In May of 2020, I moved into a house on a small dead end block of what is forever to be spoken on the phone as “C-R-U-F-as-in-Frank-T Street”. In the two years that have followed, I have found myself wondering about what it means to commit to a place, and to find one’s own place within a community and wider world. The biggest lesson by far has been to let go of the DIY-or-die ethos that seemed to have creeped into every aspect of my artistic life, and to learn the humility and freedom that comes from the knowledge that everything one does in public life is due in some part to the work of the people around you. Allowing myself to become part of something bigger than just me in my day-to-day life has helped me to learn, for probably the 500th time, that the world does not revolve around me, and that frustration in the face of artistic or creative challenges often arises when I have lost a step in terms of being mindfully grateful for the fact that these problems are even remotely important in my life to begin with.

Study in Place is my attempt to reflect on and explore my place in the universe, and to place a pin marking this time and space as home. These lofty ideas are manifested through a series of musical instruments that I hope inspire people to listen closely, and to explore their worlds for sounds after their initial experience with the show. Blending my desire to help people explore sound for no reason more than the beauty of it, and my experience working at the Rhythm Discovery Center for the last seven years, Study in Place functions as an exhibit built free from the restraints of things like learning objectives, or educational standards, with loose themes of friction, water, and relationships to musical information. The show’s crown jewel, or at least the part of the tour that makes me look very professional is a short film documenting my work with the Glass Harp, filmed and produced by Bruce Woodward of Deathwave TV.

The pieces you will see and hear in the show are listed below with relevant images. More info, along with audio and video recordings of each piece will be up on the Builds page in the coming days.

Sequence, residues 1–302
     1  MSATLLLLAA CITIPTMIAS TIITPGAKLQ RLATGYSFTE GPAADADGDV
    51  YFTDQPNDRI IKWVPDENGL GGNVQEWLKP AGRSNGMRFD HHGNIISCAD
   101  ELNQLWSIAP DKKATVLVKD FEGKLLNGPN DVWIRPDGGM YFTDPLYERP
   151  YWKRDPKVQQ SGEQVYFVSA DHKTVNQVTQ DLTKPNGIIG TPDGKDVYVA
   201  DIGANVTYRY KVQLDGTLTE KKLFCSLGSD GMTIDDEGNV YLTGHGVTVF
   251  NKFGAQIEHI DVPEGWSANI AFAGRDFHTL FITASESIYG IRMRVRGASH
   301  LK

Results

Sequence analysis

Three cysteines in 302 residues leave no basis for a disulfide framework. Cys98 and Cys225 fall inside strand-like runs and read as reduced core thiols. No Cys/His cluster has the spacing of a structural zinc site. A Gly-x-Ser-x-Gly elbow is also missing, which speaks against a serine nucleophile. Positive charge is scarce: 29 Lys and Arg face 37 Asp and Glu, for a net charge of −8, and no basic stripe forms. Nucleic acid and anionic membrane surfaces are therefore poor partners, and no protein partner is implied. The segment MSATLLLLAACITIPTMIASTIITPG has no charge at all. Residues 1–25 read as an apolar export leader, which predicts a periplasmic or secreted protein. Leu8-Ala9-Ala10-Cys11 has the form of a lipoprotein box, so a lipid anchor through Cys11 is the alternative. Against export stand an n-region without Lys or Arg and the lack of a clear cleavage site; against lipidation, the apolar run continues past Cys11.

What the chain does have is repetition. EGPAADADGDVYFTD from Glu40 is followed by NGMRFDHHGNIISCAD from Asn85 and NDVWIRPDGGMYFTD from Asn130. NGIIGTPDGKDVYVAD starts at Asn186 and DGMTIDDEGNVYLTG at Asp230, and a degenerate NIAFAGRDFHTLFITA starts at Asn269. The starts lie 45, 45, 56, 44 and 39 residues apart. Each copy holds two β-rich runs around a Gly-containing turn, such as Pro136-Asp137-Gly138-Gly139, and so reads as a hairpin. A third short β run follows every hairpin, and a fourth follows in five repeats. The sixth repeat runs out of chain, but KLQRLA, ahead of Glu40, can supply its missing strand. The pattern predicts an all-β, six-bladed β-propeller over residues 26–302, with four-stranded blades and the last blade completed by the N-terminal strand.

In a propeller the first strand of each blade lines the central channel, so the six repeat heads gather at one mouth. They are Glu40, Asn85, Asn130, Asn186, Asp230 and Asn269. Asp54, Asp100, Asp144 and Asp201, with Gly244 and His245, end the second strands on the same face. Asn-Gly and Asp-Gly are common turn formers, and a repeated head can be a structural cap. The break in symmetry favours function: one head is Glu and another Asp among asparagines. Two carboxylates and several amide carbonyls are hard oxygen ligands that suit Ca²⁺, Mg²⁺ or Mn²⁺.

Gravity Harp

This instrument is played by dropping the red balls and letting them bounce repeatedly against dulcimer strings mounted on the instrument.

Automatic Wine Glass

This sculpture is meant to address the intersection of whimsy and laziness that is never having to play your own wineglass again.

Singing Plates

This instrument is played by pulling on the acrylic rods, which activate the metal plates and cause them to sing one of many notes that can emanate from a single plate.

Grand Organ

Despite its humble appearance, the Grand Organ is the nerve center of the entire exhibition, playing notes across a purpose-built speaker array that allows the player to quite literally play the room.

Music Box Library (Chromatic)

This library allows audience members to play up to two chromatic compositions as one time. The balance of this instrument is more delicate than its sibling.

Music Box Library (Diatonic)

This array of music boxes invites the audience to play collaborative compositions by playing up to seven melodies at once. The closed harmonies of this music box allow for many melodies to be played at once without things feeling too chaotic.

Glass Organ (After the Baschet Brothers)

Also known as a cristal baschet, this instrument is this first of its kind built in Indiana, and establishes some important design changes from the original instruments. It is played by sliding wet fingers along the glass rods, which excited the metal rods and creates pitches.

Cruft St Kalimbas/Octopi